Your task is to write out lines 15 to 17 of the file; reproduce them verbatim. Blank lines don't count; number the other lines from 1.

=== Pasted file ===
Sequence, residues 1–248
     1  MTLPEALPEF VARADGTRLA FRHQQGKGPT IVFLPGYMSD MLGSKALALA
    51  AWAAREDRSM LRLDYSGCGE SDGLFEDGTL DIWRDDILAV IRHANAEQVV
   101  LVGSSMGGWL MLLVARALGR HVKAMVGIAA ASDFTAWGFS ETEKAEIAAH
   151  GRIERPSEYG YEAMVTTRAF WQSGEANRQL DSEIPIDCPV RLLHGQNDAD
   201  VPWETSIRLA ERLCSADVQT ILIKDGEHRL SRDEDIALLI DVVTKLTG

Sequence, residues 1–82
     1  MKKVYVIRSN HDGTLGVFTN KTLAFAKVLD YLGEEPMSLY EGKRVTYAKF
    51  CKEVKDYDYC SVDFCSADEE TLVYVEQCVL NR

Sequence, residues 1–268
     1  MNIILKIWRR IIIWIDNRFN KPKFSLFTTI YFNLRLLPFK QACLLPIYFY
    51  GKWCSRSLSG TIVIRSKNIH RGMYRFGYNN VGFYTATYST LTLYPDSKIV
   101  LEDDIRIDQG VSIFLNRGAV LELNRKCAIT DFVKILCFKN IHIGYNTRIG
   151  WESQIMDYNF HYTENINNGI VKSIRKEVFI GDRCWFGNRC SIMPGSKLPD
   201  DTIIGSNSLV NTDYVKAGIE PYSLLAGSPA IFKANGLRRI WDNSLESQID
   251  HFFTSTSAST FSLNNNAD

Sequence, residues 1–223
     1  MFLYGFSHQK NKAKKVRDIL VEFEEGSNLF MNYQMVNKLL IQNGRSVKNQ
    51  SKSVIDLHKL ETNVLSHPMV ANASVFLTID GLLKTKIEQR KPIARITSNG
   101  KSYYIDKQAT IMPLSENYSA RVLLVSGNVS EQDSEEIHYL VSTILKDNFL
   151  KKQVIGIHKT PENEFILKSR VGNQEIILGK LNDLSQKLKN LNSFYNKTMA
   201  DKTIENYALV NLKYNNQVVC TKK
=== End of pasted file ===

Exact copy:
   201  DTIIGSNSLV NTDYVKAGIE PYSLLAGSPA IFKANGLRRI WDNSLESQID
   251  HFFTSTSAST FSLNNNAD

Sequence, residues 1–223